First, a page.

I used to work just a street away but have never gone down for their factory tour and I heard its better there, fresh from the vat. Beer is not the alcohol of choice for me but I’ll never say no to a draft Tiger beer.
This was my favourite herbal oil my mum used to put on me when I was a child. I can’t really remember what exactly I used it for because it seemed we were able to put it on everything, even open wounds. It really worked too.
The memory is about feeling much better, not so much my wounds healing, and as a child I think that is what really counts. And the smell, as a kid, was definitely much more acceptable than most other medicated oils.
Including, believe it or not, their signature Crocodile Oil. I’ve honestly only seen a couple of all their products and maybe only ever touched one. But I’ve got to try this.
Their disclaimer states that their Crocodile Oil is a byproduct of the crocodile leather, and that no crocodiles were killed in making the oil. Each crocodile only gives you 800g of oil, and their website has it ‘Sold Out’. Maybe that’s why I’ve never seen it around.
Chop Wah On is selling in Changi Airport duty-free though. Apparently to cater to the higher demand from overseas visitors. I say, you’ve got to invest more in local marketing.
This is the oldest medicated oil company in Singapore, established in 1916, and you can still walk in everyday to their store at Upper Cross Street. Definitely worth a visit.
13 – Energizer Batteries
No, it’s not a Singapore brand. But it’s made in Singapore. Well, some of them, anyway. This might be the reason why you find some Energizer batteries going at a lower price than others.
The upside of buying Singapore-made Energizer batteries is that they are guaranteed for freshness, safety, and any harm to your device which uses the batteries. They are easily identifiable by their ‘Guaranteed in Singapore’ stamp on the corner of the packaging.
It’s not easy competing with your sister manufacturing plant in a nearby, cheaper country. And if I have a choice, I’ll choose the home team anytime.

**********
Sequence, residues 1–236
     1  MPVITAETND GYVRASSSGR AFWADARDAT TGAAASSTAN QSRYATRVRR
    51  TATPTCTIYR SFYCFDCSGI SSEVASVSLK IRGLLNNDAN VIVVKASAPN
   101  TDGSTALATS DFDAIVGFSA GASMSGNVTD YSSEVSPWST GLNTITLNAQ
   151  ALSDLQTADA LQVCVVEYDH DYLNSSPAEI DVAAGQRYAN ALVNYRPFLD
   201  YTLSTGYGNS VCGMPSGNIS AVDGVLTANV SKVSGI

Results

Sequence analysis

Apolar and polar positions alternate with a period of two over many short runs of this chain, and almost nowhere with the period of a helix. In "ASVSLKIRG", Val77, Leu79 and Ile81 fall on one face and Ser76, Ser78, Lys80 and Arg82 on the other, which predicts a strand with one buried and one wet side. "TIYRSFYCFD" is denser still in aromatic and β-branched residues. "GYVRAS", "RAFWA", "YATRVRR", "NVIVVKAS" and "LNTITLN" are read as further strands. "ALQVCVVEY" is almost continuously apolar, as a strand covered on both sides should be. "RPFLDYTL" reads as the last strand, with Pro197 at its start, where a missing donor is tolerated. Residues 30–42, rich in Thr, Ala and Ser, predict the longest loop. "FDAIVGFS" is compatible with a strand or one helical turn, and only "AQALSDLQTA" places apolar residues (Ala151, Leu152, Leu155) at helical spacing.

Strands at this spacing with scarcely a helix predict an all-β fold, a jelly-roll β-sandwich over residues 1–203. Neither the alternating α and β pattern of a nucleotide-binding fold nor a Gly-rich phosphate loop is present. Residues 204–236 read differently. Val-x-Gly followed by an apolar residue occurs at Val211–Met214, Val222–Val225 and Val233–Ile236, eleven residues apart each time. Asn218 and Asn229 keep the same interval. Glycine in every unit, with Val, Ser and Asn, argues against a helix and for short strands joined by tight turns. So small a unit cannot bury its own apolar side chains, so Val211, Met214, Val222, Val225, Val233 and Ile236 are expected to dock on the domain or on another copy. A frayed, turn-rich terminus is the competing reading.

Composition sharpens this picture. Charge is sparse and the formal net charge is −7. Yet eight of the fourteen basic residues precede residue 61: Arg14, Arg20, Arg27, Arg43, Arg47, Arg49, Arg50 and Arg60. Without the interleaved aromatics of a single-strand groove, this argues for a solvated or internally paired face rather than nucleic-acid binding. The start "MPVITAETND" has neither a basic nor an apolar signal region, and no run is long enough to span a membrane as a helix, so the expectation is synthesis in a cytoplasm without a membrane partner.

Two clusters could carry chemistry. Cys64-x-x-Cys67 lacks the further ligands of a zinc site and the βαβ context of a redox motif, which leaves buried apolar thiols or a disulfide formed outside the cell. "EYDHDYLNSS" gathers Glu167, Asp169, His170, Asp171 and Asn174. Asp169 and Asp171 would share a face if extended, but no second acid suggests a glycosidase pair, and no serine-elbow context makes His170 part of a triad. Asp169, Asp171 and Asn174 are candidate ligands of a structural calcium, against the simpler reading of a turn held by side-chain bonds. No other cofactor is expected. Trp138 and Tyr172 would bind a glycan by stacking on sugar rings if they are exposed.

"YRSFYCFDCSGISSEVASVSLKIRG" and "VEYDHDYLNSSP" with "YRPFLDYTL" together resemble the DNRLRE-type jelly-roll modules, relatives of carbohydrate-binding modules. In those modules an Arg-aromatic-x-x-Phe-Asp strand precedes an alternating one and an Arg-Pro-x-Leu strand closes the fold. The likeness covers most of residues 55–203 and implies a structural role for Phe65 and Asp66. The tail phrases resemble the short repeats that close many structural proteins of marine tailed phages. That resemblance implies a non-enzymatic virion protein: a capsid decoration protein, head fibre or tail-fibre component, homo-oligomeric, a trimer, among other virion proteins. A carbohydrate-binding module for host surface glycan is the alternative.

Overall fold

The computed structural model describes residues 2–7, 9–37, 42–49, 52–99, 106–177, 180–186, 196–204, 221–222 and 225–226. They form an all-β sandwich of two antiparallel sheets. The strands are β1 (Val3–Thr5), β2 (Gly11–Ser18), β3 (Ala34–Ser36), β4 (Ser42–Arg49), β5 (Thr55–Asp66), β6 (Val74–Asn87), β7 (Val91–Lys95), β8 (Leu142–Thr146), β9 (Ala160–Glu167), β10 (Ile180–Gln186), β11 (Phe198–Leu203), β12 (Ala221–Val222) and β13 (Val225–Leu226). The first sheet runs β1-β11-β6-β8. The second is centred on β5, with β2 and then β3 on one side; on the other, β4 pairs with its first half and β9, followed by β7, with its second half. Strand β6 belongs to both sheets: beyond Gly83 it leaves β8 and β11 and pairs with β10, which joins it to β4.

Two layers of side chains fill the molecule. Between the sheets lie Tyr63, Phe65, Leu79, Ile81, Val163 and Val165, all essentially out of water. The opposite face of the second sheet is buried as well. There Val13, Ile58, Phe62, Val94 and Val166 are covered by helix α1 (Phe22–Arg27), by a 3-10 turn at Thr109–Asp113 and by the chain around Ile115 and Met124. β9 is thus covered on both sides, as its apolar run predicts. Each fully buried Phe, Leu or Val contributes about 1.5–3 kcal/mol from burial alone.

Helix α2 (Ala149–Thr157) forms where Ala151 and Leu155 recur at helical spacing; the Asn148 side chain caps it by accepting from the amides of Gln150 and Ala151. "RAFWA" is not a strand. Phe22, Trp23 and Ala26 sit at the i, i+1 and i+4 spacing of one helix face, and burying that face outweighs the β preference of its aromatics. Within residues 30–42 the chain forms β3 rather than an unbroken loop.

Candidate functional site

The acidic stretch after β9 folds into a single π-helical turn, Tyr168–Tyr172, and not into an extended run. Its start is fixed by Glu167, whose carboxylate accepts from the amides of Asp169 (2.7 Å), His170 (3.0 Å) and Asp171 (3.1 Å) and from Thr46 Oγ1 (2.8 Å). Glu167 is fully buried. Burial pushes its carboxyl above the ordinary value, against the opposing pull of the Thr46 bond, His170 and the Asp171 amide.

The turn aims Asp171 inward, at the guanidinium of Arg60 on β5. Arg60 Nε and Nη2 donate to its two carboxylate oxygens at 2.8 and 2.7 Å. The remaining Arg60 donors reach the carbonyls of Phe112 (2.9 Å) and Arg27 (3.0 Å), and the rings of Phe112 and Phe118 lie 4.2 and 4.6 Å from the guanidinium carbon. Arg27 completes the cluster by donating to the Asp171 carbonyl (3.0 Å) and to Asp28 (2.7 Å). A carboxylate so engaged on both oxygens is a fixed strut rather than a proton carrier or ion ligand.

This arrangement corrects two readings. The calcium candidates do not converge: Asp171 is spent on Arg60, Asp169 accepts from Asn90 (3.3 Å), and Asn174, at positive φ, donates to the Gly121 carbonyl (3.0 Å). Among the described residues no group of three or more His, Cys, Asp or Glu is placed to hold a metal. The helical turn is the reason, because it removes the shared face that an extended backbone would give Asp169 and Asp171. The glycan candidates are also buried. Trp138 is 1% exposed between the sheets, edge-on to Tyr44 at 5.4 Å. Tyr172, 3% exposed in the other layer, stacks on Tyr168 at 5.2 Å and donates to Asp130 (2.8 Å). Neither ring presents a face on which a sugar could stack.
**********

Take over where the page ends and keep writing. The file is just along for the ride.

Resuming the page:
14 – UIC Detergents
Officially Universal Integrated Corporation Consumer Products (UICCP). Whew. What a mouthful. It was much easier with their jingle.
UIC whoa-oh UIC… Clean and green for you and me.. UIC!
By the way, you can still hear that on their website. But be warned!! It will not leave your head for another 20 years!!! I’ve just refreshed that memory by listening to it, so I know.
This is another homegrown brand which has grown to have 2 manufacturing plants, one in Singapore and one in Malaysia. So take a look at the label and try and find out where you’re buying from.
15 – Tai Hua Soya Sauces
Of all the sauces that claim to be Singaporean, I only found one which is still manufactured in Singapore. Seeming to resonate with the theme, on their website’s product page, it even states which product of theirs are manufactured overseas.
It is also the one has the highest testimonies – being the sauce that most aunties turn to. ‘Nuff said.
There are quite a number of other Singapore-made items but I have left out a lot of which are not everyday items. Because it’s not any use if we can’t actually purchase them to support them, is it?
Now, I just want to state that I have nothing against imported goods. But it’s the fact that we are always looking overseas at the greener fields, or focusing on what is coming in and what’s not, that we forget that we have some damn good things that we can call our own.
Disclaimer: I have no relations with any of the aforementioned brands apart from being Singaporean. (Though I wouldn’t mind if they counted me as one of their relatives) I’m not being paid by them either but I won’t say no to any offers. 😉
Staring over your shoulder in supermarkets,
The Curious Passenger